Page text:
Former mayor decries unwarranted spying as tyrannical, says citizens should be outraged

Adan Salazar
August 27, 2013

Rocky Anderson, the former mayor of Salt Lake City, Utah is infuriated by recent revelations that the NSA monitored communications during the 2002 Winter Olympic Games, calling it “the greatest scandal so far of this century,” and says he would like to move forward with a lawsuit aimed at the spy agency.

Close-up of 2002 Winter Games Olympic Torch / via Wikimedia Commons
Close-up of 2002 Winter Games Olympic Torch / via Wikimedia Commons

“When we brought the Olympics to this city, nobody agreed that we would trade off our fundamental civil rights for the government to come in and spy on us,” Anderson said in an interview with the Salt Lake Tribune last Friday.

He also says the agency’s blanket unwarranted spying is transforming the “constitutional republic… in so many ways into a tyranny where the rule of law no longer means anything,” and that the US shouldn’t be allowed to host the games until the situation is addressed and rectified.

It was revealed last week that during the 2002 Winter Olympics people in the Salt Lake City area likely had their phone calls, emails and other electronic communication reviewed by the NSA and FBI, according to a report by the Wall Street Journal.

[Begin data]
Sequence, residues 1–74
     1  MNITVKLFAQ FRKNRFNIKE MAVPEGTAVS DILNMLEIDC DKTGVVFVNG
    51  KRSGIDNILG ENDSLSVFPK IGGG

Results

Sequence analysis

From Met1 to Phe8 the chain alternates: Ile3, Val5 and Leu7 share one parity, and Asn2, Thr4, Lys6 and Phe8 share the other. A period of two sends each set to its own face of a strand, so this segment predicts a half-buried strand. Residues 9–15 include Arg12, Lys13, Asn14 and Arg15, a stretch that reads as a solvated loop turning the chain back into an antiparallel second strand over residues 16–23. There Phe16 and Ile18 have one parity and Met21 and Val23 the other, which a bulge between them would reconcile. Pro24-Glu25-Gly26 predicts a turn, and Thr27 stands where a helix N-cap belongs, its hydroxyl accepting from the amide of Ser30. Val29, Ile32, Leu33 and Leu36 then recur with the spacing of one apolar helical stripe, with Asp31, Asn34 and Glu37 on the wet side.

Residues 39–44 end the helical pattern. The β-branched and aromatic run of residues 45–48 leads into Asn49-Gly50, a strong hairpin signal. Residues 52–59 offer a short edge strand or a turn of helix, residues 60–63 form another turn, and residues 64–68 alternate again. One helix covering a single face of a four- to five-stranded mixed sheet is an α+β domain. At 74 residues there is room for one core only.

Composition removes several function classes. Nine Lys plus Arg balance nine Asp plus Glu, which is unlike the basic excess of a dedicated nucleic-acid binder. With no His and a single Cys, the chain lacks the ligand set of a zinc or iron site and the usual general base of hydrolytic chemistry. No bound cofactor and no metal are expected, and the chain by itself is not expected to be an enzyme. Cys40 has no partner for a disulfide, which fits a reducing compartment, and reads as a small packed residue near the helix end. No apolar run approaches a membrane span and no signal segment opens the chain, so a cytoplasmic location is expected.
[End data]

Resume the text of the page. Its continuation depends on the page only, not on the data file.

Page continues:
“For the 2002 Winter Olympics in Salt Lake City, officials say, the Federal Bureau of Investigation and NSA arranged with Qwest Communications International Inc. to use intercept equipment for a period of less than six months around the time of the event. It monitored the content of all email and text communications in the Salt Lake City area,” the Journal wrote last week.

Anderson says that during the Olympics, security was his “No. 1 concern,” but that when he attended meetings for the event, he wasn’t able to veto the surveillance “…because the issue never came up. If it had, I would have raised utter holy hell. For them to have done this to the people in Salt Lake City in every single instance was a federal felony under the Foreign Intelligence Surveillance Act.”

On the other hand, current Utah Gov. Gary Herbert, who was not governor during the 2002 games, says he cuts the spy agency “a little slack” because of the winter games’ proximity to the 9/11 attacks and because previous games had been terrorist targets.

Anderson, who ran for U.S. president last year, says that’s unacceptable and that the people of Salt Lake City should be outraged.

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